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Friday, 18th September 2020
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All singing model a thing of the past: O'Kelly back

NCB Stockbrokers Chief Executive Conor O’Kelly makes a cold and realistic assessment of the Irish stockbroking industry. It’s going to be a long way back, he says, ‘but I’ve no doubt we will eventually get there and the first steps may indeed have already been taken’.
The party’s over - the punchbowl has been taken away and the only question now is how bad will the hangover be?
The deleveraging by institutions and individuals has been swifter than anything seen before in markets and the losses have been of record proportions and gut wrenching.

The Irish market has suffered more than most where the lack of sectoral breadth and diversity has been cruelly exposed. The concentrated exposure to financials and construction, in particular, has been compounded by the poor technical position of the market. Leveraged positions of private individuals through CFDs has led to forced selling and, ultimately, capitulation. More fundamentally, the over weighting of domestic institutions in Irish stocks has come back to haunt them and has meant that when the market needed backing from its domestic investors most, they were, in fact, doing the opposite and selling down their holdings making a bad situation worse.
Conor O'Kelly


The brokerage business is under enormous pressure internationally and domestically. A world where brands such as Lehman Brothers, ABN and Kleinwort disappear within a couple of months is difficult to comprehend.

Many private clients have suffered huge wealth destruction and, not surprisingly, have become very risk averse. Individual balance sheets must be repaired and this will take a number of years. Institutions have seen assets under management collapse in value and have witnessed record redemptions. Equities are even being questioned as a viable long-term asset class.
Key questions still remain unanswered and any change in the landscape around Irish financials will have a dramatic effect on the market and the domestic brokers.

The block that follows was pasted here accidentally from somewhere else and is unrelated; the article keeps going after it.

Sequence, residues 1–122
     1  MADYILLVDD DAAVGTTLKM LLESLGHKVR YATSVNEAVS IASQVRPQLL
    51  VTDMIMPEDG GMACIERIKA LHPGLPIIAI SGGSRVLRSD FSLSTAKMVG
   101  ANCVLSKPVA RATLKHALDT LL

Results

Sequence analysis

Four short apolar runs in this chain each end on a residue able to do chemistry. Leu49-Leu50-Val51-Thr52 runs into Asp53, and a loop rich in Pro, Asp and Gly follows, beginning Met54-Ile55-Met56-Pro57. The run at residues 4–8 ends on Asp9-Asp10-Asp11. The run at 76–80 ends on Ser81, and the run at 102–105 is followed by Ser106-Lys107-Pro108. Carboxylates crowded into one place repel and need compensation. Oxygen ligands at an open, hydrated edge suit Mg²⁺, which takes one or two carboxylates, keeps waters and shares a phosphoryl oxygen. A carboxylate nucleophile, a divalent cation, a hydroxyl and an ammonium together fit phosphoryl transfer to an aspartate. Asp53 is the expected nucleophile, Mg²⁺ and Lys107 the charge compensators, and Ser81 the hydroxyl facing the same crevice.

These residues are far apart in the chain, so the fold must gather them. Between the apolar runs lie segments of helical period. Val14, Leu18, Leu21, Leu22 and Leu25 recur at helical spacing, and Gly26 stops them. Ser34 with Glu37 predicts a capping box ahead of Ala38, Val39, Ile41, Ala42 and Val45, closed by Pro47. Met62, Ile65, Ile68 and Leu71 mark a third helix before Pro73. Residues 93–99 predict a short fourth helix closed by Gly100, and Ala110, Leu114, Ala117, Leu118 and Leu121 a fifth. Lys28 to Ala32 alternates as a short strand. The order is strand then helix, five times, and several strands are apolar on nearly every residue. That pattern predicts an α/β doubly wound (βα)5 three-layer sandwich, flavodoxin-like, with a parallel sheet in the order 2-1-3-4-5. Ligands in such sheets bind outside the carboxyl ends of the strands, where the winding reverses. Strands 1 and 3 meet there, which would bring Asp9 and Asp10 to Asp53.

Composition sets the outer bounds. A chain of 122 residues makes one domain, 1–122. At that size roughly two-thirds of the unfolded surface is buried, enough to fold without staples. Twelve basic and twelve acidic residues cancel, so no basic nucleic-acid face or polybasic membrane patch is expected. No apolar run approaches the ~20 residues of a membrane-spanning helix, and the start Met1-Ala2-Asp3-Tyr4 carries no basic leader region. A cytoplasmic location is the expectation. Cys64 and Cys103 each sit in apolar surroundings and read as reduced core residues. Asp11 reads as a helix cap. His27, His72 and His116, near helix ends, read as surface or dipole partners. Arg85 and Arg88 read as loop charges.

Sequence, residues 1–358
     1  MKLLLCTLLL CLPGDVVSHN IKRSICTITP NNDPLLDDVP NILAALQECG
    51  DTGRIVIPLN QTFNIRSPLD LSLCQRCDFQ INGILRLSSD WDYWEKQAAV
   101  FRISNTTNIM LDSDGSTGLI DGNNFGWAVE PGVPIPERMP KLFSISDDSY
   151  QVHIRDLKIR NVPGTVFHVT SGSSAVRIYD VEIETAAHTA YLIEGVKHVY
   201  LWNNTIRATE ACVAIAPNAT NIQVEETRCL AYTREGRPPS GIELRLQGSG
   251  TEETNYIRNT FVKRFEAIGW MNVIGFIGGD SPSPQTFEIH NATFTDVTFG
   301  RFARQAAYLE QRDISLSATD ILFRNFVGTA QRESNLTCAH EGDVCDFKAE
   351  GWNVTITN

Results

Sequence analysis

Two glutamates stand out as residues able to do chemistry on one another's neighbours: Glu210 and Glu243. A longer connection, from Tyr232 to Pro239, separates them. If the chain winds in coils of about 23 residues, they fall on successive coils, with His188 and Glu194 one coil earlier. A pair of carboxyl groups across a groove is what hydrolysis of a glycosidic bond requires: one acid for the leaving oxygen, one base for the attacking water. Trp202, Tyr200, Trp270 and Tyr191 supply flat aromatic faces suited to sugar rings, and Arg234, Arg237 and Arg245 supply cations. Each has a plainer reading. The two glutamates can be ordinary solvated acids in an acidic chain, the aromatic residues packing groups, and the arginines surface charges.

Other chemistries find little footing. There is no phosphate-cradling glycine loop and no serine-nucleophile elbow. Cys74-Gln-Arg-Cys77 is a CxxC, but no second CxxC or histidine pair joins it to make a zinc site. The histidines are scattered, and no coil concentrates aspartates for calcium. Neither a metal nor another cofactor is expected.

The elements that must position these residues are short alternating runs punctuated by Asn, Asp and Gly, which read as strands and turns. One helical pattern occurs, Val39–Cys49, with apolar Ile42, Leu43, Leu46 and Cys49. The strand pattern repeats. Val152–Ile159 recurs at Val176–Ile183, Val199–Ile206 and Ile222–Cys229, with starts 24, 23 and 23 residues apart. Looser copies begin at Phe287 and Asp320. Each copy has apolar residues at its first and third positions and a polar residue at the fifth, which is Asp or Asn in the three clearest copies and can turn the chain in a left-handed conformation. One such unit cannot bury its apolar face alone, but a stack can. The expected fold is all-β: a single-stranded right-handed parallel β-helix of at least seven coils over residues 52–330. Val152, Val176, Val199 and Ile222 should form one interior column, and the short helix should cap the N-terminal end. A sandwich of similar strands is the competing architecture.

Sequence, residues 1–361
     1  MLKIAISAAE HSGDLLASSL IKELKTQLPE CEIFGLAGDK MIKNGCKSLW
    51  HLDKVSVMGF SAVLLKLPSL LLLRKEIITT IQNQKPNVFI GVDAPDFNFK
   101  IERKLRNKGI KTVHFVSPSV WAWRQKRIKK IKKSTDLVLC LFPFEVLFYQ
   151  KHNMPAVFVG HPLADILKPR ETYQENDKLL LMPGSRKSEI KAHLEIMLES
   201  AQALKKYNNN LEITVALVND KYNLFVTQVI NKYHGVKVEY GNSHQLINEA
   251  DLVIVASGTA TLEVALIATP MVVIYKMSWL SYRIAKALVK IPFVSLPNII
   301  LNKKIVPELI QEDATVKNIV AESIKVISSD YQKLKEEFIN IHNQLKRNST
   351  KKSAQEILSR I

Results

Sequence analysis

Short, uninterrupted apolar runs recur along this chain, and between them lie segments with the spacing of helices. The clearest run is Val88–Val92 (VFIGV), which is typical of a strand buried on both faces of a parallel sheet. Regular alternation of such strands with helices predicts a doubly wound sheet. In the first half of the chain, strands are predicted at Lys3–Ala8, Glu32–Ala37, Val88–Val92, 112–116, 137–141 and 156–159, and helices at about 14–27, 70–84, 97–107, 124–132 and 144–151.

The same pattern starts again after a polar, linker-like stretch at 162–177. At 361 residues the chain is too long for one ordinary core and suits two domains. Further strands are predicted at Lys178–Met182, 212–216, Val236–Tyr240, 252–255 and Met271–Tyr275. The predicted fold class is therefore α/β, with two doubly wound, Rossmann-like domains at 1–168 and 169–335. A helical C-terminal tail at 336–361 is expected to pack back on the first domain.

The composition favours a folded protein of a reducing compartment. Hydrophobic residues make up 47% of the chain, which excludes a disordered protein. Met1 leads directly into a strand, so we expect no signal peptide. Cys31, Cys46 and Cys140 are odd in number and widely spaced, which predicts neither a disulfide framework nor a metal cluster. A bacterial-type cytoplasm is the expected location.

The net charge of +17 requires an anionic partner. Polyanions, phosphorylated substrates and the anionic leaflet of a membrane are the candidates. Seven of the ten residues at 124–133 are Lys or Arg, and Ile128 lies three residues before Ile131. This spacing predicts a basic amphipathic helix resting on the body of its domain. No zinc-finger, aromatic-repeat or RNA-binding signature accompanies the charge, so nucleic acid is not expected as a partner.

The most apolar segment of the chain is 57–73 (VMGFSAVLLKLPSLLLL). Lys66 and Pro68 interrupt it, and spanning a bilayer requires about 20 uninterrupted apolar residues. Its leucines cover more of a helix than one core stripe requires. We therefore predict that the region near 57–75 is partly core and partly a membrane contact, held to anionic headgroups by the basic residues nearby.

Investment managers will continue to reassess how they approach counterparty risk, Direct Market Access (DMA), execution and unbundling. It’s likely that counterparty lists will shrink with execution confined to the bigger, supposedly safer, names with research being paid for separately.

Agency brokers could thrive but asset managers may ultimately put more investment and resources into direct market access which is the ultimate reduction of counterparty risk. None of this is good news for brokers and with confidence in the street’s research product at an all time low those unbundled cheques could be small.

But brokers, as they have always done, will adjust their own business models to reflect the new realities. For Irish stockbrokers the all singing all dancing integrated broking model is a thing of the past. Research on micro cap and small caps will disappear and many companies in the market will feel even more unloved than they do currently. With the Irish market 70 per cent off its highs and all but abandoned by foreign investors, for the time being, the commission business in Irish equities has contracted significantly.

Against this background, firms will need an international product to keep their institutional relationships alive while waiting for some of the Irish stories to come back into favour.

For NCB our membership of the European Securities Network has proved critical and this firm now generates over 25 per cent of its revenue from international stocks. The access to European local research coverage and a fully integrated execution this platform has been increasingly well received by clients as hopefully is evident from this client survey.

The competitive landscape has changed dramatically internationally and may yet change locally. It’s entirely possible that by this time next year there will have been significant changes in the stockbroking sector that historically would not have been contemplated.

Regulation has continued to increase in the sector and that has potential to escalate. For some the high cost of compliance and an increased capital requirement may become too much to bear - for others, if the low volumes of recent months continue indefinitely, consolidation may be the only option.

But while there is no shortage of things to get bearish about experienced market professionals intuitively know that a contrary view is likely to be rewarded although this time the pay back period is likely to be long. It takes stomach (and cash) to seek out value among the rubble and despair but when legends such as Warren Buffet, Bill Gross and Anthony Bolton start putting their money down it is worth paying attention.

Historically it’s been wise to follow the Wall Street adage ‘never fight the Fed’ and now that authorities around the world are displaying unprecedented determination and co-ordination to fix the financial system following that adage could be more apt than ever.

Ireland’s low debt / GDP, healthy dependency ratio, young population combined with the safety valve of migrants taking a one way ticket home means the 80s have not returned nor are they likely to. Ireland’s savings rate is high and there is a difference between consumers who ‘can’t buy’ vs ‘won’t buy’. It’s going to be a long way back for the Irish market but I’ve no doubt we will eventually get there and the first steps may indeed have already been taken.

I’m pretty sure President Elect Obama was not referring to the Irish brokerage community when he said ‘our journey will be long and the road will be steep’ but he was right on the money. We will need to be right on the money about lots of things if we are to get through this period intact.
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